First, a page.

Table 2.

Proposed policies to incentivize transplant centers to accept kidneys with a high KDPI or designated by the PHS as increased risk for blood-borne viral infection

Current BarrierNew IncentivesChallenges to Successful Implementation
Acceptance of high KDPI kidneys imposes additional costs for centers, such as perioperative complications requiring treatment and longer length of stay.Medicare and other payers should reimburse at higher rates for higher-risk kidneys.Payers have not historically embraced risk-adjusted payment structures.
Kidney allocation rules should be changed so that centers that achieve good outcomes with higher-risk kidneys subsequently get priority for higher-risk kidneys.This approach would require new changes to the national allocation system.
Kidney allocation rules should be changed across all organ procurement organizations so that when a donor is identified whose kidneys are at highest risk for discard, centers can use the pair of kidneys for one recipient.If kidneys at risk for discard are not accurately identified, one patient may get two kidneys where two patients might have instead benefitted.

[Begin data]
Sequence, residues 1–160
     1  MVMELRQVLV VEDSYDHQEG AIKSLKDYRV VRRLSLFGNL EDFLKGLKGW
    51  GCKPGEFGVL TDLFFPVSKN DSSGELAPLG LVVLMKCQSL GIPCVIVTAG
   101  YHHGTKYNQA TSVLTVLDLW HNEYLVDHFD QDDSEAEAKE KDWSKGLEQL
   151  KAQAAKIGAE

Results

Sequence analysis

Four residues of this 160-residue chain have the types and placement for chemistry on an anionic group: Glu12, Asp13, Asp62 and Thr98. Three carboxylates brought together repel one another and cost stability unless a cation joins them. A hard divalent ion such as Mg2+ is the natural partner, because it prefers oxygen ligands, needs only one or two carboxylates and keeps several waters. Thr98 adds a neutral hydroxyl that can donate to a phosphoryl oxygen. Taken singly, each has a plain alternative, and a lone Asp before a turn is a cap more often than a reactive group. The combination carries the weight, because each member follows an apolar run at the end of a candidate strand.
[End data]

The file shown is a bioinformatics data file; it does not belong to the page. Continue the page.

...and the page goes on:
Transplant centers are penalized for worse-than-expected patient and allograft survival after transplantation.Calculation of center survival outcomes should exclude patients who received the lowest-quality kidneys.Potentially valuable information about center performance would not be included in the survival statistics.
Report cards should include an “organ acceptance metric” which would reward centers for accepting higher-risk organs.The organ acceptance metric would require careful risk adjustment for organ quality and the center population.
Each year, regulatory organizations should recognize and/or reward centers that aggressively accepted organs.The organ acceptance metric might put pressure on centers to accept lower-quality kidneys for patients that would be better served by waiting longer for a higher-quality organ.
It is unknown how to optimally design this recognition or reward to change center behavior.
High KDPI and PHS infectious risk kidneys are often turned down by many patients, leading to prolonged cold storage and eventual discard.Novel methods for prospective informed consent should be developed, such that patients are consented on the waiting list for lower-quality organs and minimal additional consent is required at the organ offer; kidneys are accepted quickly.Transplant clinicians may feel that obtaining a second consent at the time that an organ is offered is necessary to protect them from subsequent liability.
  • Note that higher KDPI kidneys have an elevated estimated rate of graft failure. PHS infectious-risk kidneys, such as a kidney donated by an individual with an injection drug-use history, pose slightly higher risks of viral transmission (such as HIV) compared with other kidneys).